3.1 – Getting you familiar with Jargons
Like I had mentioned in the previous chapter, there are two techniques based on which you can pair trade. The first technique that we will discuss starting now, is usually referred to as the correlation based technique. I consider this as a fairly standard approach as many traders get their pair trading handholding of sorts using this approach.
We need to learn few jargons before we get started on the actual technique, so let’s get to that straight. The jargons we will talk about in this chapter are related to tracking pairs. At this stage, I just want you to know what is what. We will connect the dots as we proceed.
Spreads – The spread, is perhaps the most versatile jargon used in the trading world. For example, if you are scalping the market then the word spread refers to the Rupee differential between the bid price and the ask price. Now, if you are doing an arbitrage trade, then the word spread refers to the difference between the prices of the same asset across two different markets. In the pair trading world (actually, just correlation-based technique), the word spread refers to the difference between the closing prices of two stocks.
The spread is calculated as –
Spread = Closing value of stock 1 – closing value of stock 2
Take a look at this –
If I assume GICRE as a stock 1 and ICICIGI as stock 2, then the spread is calculated as –
Spread = 6.1 – 3.85
Please note, both 6.1 and 3.85 represents a change in stock price with respect to the previous close. Also, both the numbers are positive here. Now, for a moment assume, the closing price of ICICIGI was negative 3.85, in this case, the spread would turn out to be –
I’ve calculated the spread for the last couple of trading days, this should give you an idea of how the spread ‘runs’. Also, since I’ve calculated the spread on a daily basis, traders refer to this as the ‘historical spread’.
As you can see, the spread varies on a daily basis. Also, here is an interesting (general) observation –
- The spread expands if the closing value of S1 is positive and S2 is negative
- The spread contracts if the closing value of S1 is positive and S2 is also positive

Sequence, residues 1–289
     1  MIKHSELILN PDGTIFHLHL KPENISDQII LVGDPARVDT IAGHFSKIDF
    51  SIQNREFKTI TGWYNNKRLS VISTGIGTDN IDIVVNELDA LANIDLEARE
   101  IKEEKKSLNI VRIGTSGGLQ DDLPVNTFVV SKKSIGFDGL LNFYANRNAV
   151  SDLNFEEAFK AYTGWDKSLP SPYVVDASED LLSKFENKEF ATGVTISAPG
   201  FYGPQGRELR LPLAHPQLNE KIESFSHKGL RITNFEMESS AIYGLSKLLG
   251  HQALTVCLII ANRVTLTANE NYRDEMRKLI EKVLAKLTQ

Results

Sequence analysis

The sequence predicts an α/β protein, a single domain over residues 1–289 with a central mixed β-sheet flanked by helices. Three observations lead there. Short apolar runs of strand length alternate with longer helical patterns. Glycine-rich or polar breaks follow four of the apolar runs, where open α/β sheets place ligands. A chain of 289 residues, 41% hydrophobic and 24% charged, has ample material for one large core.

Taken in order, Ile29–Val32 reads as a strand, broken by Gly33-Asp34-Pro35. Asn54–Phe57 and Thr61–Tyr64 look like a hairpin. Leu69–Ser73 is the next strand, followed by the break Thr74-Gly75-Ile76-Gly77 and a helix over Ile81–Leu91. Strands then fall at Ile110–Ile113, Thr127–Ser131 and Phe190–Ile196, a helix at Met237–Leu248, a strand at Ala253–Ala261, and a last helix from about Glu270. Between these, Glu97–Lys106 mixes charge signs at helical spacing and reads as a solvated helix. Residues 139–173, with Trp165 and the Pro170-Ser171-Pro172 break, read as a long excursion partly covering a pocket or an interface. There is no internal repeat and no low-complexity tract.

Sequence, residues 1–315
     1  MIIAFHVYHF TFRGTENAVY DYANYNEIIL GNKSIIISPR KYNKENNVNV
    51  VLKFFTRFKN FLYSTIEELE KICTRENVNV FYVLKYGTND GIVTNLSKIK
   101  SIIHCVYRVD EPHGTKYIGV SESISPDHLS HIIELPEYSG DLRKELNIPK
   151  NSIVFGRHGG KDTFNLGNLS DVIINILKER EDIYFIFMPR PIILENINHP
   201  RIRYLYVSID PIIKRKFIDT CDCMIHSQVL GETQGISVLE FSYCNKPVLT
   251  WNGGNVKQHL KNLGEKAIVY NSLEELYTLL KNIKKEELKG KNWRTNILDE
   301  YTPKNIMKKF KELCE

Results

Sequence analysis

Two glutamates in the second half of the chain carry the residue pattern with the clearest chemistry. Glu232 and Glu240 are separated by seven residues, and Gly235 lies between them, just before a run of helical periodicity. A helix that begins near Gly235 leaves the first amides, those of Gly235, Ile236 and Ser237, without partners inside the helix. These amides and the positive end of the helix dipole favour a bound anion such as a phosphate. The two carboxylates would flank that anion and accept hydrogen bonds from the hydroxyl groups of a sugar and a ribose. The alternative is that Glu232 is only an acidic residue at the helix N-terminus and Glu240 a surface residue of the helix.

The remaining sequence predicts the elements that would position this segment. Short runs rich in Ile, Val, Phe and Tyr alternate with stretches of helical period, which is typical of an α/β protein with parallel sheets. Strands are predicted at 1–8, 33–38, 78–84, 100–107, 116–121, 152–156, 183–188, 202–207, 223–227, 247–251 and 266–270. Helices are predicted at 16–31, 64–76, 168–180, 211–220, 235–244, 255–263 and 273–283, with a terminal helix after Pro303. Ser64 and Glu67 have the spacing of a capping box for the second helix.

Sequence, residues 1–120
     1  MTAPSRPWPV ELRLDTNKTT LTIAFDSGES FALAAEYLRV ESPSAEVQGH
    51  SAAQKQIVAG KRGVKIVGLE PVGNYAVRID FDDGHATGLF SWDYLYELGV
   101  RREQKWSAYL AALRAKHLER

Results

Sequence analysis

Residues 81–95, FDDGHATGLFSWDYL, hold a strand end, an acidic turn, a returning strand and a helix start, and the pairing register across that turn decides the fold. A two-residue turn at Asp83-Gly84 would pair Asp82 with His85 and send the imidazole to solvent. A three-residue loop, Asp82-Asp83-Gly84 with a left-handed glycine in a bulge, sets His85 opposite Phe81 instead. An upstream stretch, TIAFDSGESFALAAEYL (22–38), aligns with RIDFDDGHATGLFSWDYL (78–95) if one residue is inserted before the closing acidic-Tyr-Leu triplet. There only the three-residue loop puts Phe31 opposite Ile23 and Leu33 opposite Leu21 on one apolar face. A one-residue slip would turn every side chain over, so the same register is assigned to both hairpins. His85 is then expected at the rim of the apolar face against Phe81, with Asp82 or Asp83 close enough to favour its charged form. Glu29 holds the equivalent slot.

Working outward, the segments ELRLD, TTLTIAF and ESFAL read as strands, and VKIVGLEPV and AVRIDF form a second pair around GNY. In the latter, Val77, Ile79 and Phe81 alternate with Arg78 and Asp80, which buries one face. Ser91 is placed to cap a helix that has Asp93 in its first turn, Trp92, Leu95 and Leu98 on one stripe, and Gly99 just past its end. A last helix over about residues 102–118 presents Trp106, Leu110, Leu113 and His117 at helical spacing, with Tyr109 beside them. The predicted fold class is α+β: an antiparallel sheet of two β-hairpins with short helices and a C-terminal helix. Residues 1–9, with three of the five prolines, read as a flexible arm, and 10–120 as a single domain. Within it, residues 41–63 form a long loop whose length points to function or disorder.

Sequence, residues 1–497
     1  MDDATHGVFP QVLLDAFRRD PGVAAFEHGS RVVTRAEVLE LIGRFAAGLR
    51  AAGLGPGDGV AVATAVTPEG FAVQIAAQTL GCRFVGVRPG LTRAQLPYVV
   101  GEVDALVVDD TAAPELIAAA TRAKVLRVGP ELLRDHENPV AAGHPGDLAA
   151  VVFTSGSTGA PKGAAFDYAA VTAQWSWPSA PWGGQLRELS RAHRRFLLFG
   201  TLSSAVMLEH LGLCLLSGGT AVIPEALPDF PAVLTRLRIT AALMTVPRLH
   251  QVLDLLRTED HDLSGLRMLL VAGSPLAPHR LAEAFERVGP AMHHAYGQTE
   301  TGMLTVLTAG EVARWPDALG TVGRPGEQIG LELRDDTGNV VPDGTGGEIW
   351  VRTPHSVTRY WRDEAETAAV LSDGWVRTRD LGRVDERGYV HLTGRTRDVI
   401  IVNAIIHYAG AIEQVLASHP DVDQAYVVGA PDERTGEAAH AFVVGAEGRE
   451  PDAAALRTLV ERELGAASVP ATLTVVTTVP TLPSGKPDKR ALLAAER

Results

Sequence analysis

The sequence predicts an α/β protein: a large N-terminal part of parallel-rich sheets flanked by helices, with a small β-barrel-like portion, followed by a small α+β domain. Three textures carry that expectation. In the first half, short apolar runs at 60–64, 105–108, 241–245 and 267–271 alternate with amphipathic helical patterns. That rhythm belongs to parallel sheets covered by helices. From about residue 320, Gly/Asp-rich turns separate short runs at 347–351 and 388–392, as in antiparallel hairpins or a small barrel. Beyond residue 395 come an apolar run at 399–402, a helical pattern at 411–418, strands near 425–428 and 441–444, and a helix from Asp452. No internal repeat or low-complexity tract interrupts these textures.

Of course, there are other possible combinations which lead to the expansion of contraction of the spreads. More on this later.
Differential – Unlike spreads, the differential measures the difference in the stock prices. The differential measures the absolute difference in the closing stock prices of two stock. The formula is as below –
Differential = Closing Price of Stock 1 – Closing Price of Stock 2
So if a stock 1 has closed at Rs.175 and stock 2 has closed at 232, the differential is –
175 – 232
= – 57
As you may have guessed, you can run this as a time series and calculate this on a daily basis, I’ve done this for GICRE and ICICIGI –
Here is something you need to know about differentials – if you are using spreads to track pairs, then you can use it on an intraday basis. But unlike spreads, the ‘differentials’ is not a great technique to track pairs on an intraday basis, its best used at an end of day basis.
Of course, more on these things later. For now, let’s just focus on busting some jargons.
Ratio – I find the ratio bit quite interesting. The ratio is essentially dividing the stock price of stock 1 over the price of stock 2. Or it can be the other way round as well.
Ratio = Stock Price of stock 1 / stock price of stock 2
I’ve calculated the ratio of the same two stocks, here is how it looks –
The Ratio as you can see is a bit more consistent (or at least appears) when calculated as a time series. I’ve represented all the three variables on graph –
So what are these things that we just looked at – spread, differential, and ratios and how are they related to pair trading?
Well, as you can imagine, these are the different variable which helps us measure or quantify the relationship between two stocks, which we consider as pairs. The graph tells us how the two stocks move with respect to each other. For instance, if we consider the spread, we know it expands if the closing value of S1 is positive and S2 is negative and the spread contracts if the closing value of S1 is positive and S2 is also positive.
Likewise in the ratio – the ratio between two stocks decrease if the stock prices of both the stock decline and the ratio increases if the stock prices of both the stocks increases. Of course, there are other variations possible – for example, the ratio can increase if stock 1 declines heavily and stock 2 stays flat or the other way round. Alternatively, stock 2 can increase a lot more compared to stock 1 or the other way round J
Confusing isn’t it?